International Journal of Atmospheric and Oceanic Sciences

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Temperature, Carbon Dioxide and Methane May Be Linked Through Sea Ice Dynamics

Received: 26 May 2022    Accepted: 17 June 2022    Published: 27 June 2022
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Abstract

Background: The seasonal cycle of atmospheric carbon dioxide is usually ascribed to the seasonality of Northern Hemisphere vegetation, and the seasonal cycle of methane is usually ascribed to seasonal removal by the hydroxyl radical. Objective: We test an alternative, that the cycles of these greenhouse gases might be linked to sea ice dynamics. Method: Time-series analysis of carbon dioxide, methane, sea ice parameters, vegetation greenness (NDVI), and temperature. We consider a variable that lags another can not be causal of the leading variable. Results: Carbon dioxide is very strongly correlated with sea ice dynamics, with the carbon dioxide rate at Mauna Loa lagging sea ice extent rate by 7 months. Methane is very strongly correlated with sea ice dynamics, with the global (and Mauna Loa) methane rate lagging sea ice extent rate by 5 months. Sea ice melt rate peaks in very tight synchrony with temperature in each Hemisphere. The very high synchrony of the two gases is most parsimoniously explained by a common causality acting in both Hemispheres. Conclusion: Time lags between variables indicate primary drivers of the gas dynamics are due to solar action on the polar regions, not mid-latitudes as is conventionally believed. Our results are consistent with a proposed role of a high-latitude temperature-dependent abiotic variable such as sea ice in the annual cycles of carbon dioxide and methane. If sea ice does not drive the net flux of these gases, it is a highly precise proxy for whatever does. Potential mechanisms should be investigated urgently.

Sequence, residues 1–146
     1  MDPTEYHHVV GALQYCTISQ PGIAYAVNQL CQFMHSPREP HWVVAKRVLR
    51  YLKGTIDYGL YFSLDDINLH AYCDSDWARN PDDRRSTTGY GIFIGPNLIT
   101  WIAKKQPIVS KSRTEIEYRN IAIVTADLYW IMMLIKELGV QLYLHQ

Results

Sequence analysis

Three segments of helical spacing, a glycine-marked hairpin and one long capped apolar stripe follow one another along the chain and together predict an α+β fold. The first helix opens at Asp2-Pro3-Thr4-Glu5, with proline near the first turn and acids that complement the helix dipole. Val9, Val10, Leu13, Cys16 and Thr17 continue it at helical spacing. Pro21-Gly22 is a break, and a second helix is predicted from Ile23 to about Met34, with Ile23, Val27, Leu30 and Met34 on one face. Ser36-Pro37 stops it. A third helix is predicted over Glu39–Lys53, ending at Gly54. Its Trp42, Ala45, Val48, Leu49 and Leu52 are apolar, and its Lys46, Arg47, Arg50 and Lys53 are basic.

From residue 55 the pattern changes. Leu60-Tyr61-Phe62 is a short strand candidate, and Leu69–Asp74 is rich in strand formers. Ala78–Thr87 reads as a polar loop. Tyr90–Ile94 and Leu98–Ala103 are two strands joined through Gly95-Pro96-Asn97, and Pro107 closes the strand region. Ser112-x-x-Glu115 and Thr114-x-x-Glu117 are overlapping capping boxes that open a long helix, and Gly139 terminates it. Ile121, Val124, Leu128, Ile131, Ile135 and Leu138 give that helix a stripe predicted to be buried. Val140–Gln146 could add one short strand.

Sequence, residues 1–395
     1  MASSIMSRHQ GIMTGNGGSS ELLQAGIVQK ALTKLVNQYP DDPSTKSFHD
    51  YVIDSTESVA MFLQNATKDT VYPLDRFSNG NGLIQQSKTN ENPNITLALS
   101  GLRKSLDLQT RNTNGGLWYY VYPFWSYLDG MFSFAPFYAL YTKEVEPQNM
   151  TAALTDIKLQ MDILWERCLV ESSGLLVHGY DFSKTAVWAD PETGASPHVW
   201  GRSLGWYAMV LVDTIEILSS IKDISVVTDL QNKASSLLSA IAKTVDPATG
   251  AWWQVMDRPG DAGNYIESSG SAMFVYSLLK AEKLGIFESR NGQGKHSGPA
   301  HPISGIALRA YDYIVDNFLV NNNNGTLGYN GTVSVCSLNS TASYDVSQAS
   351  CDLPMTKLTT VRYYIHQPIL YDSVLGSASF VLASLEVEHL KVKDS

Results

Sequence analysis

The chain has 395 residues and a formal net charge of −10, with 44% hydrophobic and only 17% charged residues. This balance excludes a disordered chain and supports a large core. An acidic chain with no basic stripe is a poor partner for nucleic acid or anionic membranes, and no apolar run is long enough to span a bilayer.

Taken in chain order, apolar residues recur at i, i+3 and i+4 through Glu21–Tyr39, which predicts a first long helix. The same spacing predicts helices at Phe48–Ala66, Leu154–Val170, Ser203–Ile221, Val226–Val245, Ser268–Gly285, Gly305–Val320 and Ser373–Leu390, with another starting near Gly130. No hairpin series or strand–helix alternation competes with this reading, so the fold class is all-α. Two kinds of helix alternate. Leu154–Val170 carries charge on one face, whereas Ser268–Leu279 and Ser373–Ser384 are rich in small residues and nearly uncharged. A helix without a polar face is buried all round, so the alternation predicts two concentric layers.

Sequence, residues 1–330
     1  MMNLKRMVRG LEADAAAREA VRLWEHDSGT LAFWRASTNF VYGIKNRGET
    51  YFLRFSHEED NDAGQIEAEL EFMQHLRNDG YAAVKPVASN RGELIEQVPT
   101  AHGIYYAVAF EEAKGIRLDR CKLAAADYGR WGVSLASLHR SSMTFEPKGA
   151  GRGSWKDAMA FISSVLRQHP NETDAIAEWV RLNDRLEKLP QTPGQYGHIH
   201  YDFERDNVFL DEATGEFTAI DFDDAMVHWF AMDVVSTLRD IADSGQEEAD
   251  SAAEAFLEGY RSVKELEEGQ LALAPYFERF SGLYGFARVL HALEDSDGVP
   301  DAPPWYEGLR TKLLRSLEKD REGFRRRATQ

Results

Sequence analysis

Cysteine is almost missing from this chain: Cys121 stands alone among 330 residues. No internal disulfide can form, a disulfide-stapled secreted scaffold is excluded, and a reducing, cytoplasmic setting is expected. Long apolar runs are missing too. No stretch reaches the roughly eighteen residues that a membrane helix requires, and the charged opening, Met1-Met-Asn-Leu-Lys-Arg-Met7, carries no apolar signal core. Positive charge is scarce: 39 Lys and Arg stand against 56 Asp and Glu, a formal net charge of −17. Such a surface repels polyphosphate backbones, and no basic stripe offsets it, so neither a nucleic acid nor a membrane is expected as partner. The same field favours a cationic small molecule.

DOI 10.11648/j.ijaos.20220601.13
Published in International Journal of Atmospheric and Oceanic Sciences (Volume 6, Issue 1, June 2022)
Page(s) 13-34
Creative Commons

This is an Open Access article, distributed under the terms of the Creative Commons Attribution 4.0 International License (http://creativecommons.org/licenses/by/4.0/), which permits unrestricted use, distribution and reproduction in any medium or format, provided the original work is properly cited.

Copyright

Copyright © The Author(s), 2024. Published by Science Publishing Group

Keywords

Climate Change, Degassing, Fractionation, Isotope, Outgassing, Productivity

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    Clive Hambler, Peter Alan Henderson. (2022). Temperature, Carbon Dioxide and Methane May Be Linked Through Sea Ice Dynamics. International Journal of Atmospheric and Oceanic Sciences, 6(1), 13-34. https://doi.org/10.11648/j.ijaos.20220601.13

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    Clive Hambler; Peter Alan Henderson. Temperature, Carbon Dioxide and Methane May Be Linked Through Sea Ice Dynamics. Int. J. Atmos. Oceanic Sci. 2022, 6(1), 13-34. doi: 10.11648/j.ijaos.20220601.13

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    AMA Style

    Clive Hambler, Peter Alan Henderson. Temperature, Carbon Dioxide and Methane May Be Linked Through Sea Ice Dynamics. Int J Atmos Oceanic Sci. 2022;6(1):13-34. doi: 10.11648/j.ijaos.20220601.13

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  • @article{10.11648/j.ijaos.20220601.13,
      author = {Clive Hambler and Peter Alan Henderson},
      title = {Temperature, Carbon Dioxide and Methane May Be Linked Through Sea Ice Dynamics},
      journal = {International Journal of Atmospheric and Oceanic Sciences},
      volume = {6},
      number = {1},
      pages = {13-34},
      doi = {10.11648/j.ijaos.20220601.13},
      url = {https://doi.org/10.11648/j.ijaos.20220601.13},
      eprint = {https://article.sciencepublishinggroup.com/pdf/10.11648.j.ijaos.20220601.13},